Family Portrait – Graham Masterton


“Family Portrait” is another book that left some pictures strongly imprinted in my mind. This book comes across as Masterson’s appreciation of Oscar Wild novel “The Picture of Dorian Gray” which Masterton skillfully involves in his story by moving the action back to XIX century as if Wilde was inspired by the action depicted in Masterton’s book.
The novel starts us off with a rather brutal murder of a young girl who travelled by means of hitchhiking. She had been skinned and what is worse is the fact it wasn’t a first instance of such crime. It appears someone starts a collection of human skins. One might wonder why?
We meet Vincent, who is intelligent and well mannered. He keeps himself busy by means collecting and selling paintings. He spends most of his time in his own gallery where he feels just right.
Vincent doesn’t realise that a painting that has been in his family for years is full of magic powers. The painting draws attraction of its rightful owners who will change Vincent’s life forever when they come after what is theirs.
Similarity to Wilde’s story, the painting in question has a power of keeping the owners young as long as they can proceed with their rituals in front of it making the portrait age instead.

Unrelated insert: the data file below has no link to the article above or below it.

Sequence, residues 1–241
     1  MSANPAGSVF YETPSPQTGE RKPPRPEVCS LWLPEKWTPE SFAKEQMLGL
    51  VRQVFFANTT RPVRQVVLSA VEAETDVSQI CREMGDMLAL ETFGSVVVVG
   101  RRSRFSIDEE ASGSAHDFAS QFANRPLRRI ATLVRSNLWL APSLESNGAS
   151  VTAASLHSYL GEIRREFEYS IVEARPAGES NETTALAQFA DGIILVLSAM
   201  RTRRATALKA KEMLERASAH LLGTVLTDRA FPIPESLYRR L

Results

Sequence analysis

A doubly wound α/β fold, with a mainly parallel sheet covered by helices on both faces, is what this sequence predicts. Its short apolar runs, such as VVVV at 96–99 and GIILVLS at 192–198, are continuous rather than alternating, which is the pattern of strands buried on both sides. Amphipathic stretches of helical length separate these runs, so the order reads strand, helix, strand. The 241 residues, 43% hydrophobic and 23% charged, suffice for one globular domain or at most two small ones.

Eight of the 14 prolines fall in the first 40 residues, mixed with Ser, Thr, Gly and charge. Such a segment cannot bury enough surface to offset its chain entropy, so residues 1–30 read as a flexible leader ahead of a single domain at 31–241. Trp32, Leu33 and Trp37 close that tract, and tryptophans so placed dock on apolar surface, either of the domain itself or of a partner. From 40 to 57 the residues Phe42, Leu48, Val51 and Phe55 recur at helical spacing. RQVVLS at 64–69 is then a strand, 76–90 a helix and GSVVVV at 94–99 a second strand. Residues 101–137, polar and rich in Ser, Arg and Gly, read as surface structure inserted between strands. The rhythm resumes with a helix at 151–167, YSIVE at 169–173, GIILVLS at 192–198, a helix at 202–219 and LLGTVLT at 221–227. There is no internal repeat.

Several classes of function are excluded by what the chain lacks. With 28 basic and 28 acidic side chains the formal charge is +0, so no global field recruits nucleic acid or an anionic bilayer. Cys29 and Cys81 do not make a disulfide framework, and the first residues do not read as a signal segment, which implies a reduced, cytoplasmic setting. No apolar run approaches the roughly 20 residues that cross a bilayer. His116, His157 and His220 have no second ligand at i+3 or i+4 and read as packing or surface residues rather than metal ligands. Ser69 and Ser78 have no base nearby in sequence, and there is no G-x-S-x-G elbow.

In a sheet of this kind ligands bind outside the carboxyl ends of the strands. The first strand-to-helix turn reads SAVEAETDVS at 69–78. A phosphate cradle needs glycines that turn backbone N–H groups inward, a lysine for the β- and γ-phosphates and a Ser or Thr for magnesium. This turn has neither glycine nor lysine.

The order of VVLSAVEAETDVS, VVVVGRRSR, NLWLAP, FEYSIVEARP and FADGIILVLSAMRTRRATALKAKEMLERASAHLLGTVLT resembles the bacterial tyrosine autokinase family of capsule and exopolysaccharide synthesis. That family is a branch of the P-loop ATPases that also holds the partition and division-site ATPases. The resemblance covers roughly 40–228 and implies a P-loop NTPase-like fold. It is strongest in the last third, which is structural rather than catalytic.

Since the dangerous family lost the painting they need to start using human skin instead which isn’t the best solution hence Vincent will have to face the Gray’s family and his determination will only grow as he realises his own family is in danger.
The book is lengthy but it reads very well and all the actions and reactions follow a fairly logical and believable path. The reader gets plenty of time to absorb all the strange facts and is also able how Vincent’s character grows and evolves as the pages keep on turning. With the vision of a painting that absorbs the ageing process one wonders about immortality and what can lead humanity to achieve this strange itself goal.
I enjoyed “Family Portrait” and its specific settings and its subject kept on reminding me about my great grandmother’s picture she had hanging on the wall above her bed. Since reading the book on every occasion I went to see my grandmother I would look at the picture of a young face wondering if it becomes younger as my nun gets older. Somewhat reverse psychology but it kept me fearful at times and goosebumps were something of a common occurrence….
It is the same with the book. You ask yourself a question but all you get back is that inanimate stare back from within the frames… Creepy.


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